Want To Create A Workplace For Innovators? Avoid Doing This

Last week there was a change in the Presidency of the United States of America. Trump is out, Biden is in. There are many challenges President Biden is up against, the most pressing one is taming the current pandemic which has taken over 400,000 american lives.

One of the main reasons the United States has been hit so hard by the pandemic is because it was late to confront it, and opened up too early; and also because Trump wasn’t too fond of science. Trump famously talked down to Dr. Fauci, his science advisor, and eventually banned him from the White House.

This is about to change.

Dr. Fauci feels liberated now that Trump is out, and Biden is in.


One reason he feels liberated? Because with Biden saying “I don’t know” is ok.

Of course, he doesn’t know everything. If he did, this pandemic would be over already. This coronavirus is something we’ve never seen and experienced before, so most questions don’t have answers yet. First world countries, and wealthy people like Bill Gates, have invested to accelerate innovation precisely to answer those unknowns.

Still, we don’t know what’s going to happen after all available vaccines have been distributed and deployed to people.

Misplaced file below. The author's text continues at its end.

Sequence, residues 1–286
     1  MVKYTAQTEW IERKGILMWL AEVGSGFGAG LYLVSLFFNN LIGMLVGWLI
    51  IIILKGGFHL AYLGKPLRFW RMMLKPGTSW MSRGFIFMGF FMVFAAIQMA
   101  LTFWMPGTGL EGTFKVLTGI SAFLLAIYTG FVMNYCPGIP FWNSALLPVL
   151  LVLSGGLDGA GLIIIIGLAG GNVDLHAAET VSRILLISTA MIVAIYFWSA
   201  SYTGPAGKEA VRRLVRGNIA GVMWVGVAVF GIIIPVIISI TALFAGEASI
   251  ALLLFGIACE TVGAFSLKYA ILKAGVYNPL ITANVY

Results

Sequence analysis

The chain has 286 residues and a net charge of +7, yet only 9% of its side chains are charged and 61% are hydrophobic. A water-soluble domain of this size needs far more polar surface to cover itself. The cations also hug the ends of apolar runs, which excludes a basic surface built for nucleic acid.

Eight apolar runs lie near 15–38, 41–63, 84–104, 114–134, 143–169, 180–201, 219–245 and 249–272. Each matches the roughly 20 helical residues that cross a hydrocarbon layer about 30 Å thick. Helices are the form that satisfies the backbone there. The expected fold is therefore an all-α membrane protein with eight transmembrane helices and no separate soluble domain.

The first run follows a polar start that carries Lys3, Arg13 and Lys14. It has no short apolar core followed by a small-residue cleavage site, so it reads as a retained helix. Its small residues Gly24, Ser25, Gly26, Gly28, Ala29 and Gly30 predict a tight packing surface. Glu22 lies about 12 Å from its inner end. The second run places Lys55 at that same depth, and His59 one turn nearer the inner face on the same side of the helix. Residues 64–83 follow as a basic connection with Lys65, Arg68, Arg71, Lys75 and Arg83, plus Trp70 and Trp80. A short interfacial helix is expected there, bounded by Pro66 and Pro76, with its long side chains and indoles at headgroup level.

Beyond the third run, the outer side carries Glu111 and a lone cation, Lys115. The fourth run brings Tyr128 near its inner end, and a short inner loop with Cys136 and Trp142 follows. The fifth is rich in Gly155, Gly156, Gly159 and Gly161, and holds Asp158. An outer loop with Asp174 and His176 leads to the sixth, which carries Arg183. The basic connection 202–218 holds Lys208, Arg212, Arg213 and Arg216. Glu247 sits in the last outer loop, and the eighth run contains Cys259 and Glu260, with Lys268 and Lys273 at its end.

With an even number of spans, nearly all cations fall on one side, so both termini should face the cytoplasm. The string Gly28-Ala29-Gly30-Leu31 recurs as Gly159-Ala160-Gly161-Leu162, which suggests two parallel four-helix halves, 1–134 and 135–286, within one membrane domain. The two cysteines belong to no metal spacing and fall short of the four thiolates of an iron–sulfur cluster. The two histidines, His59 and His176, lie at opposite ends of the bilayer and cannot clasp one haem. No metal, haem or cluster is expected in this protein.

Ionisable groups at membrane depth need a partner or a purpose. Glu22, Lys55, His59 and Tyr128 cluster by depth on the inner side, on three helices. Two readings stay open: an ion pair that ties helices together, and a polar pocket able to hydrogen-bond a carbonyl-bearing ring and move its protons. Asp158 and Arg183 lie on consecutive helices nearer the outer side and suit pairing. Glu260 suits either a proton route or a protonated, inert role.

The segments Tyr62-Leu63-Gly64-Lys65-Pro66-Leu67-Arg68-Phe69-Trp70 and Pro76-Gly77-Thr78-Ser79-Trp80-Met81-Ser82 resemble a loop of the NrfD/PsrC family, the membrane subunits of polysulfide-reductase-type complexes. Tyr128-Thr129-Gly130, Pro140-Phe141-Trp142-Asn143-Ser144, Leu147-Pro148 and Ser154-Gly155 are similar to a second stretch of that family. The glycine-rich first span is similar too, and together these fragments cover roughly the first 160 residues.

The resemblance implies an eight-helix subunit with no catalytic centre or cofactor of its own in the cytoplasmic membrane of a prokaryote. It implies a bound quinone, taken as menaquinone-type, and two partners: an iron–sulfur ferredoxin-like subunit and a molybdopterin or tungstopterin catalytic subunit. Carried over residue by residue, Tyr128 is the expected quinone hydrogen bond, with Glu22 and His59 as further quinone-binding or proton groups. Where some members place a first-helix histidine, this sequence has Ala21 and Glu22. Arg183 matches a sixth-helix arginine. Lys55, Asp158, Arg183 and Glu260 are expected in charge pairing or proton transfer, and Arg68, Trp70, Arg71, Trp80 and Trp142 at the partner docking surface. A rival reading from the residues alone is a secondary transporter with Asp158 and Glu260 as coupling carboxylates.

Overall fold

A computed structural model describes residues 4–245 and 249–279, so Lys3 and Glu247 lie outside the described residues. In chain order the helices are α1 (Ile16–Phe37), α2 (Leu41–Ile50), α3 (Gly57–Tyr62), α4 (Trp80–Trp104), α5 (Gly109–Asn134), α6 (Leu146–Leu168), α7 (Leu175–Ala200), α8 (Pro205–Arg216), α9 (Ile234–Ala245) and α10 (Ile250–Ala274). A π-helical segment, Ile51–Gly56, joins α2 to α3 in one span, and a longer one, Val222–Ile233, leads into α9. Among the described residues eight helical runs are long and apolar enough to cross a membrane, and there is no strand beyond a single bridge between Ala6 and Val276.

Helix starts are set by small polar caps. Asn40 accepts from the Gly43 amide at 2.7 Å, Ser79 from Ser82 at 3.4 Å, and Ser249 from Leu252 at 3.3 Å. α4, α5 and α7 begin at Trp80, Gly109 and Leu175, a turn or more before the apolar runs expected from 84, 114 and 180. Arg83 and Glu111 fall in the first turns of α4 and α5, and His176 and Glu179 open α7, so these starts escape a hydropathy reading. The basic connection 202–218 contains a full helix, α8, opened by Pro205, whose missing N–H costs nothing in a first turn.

Innovators thrive in an environment where people embrace curiosity and open mindedness. Organizations become stagnant and fail to transform themselves when neither of these exist. Leaders will shut down ideas if people feel that there will be repercussions if they speak up; this is exactly what you shouldn’t do if you want to create a workplace where innovation thrives. Be the leader that creates the conditions where innovators thrive, one where curiosity, creativity, courage and experimentation are encouraged and celebrated.

Bottom line: Don’t shut down people if you want to create a workplace for innovators.

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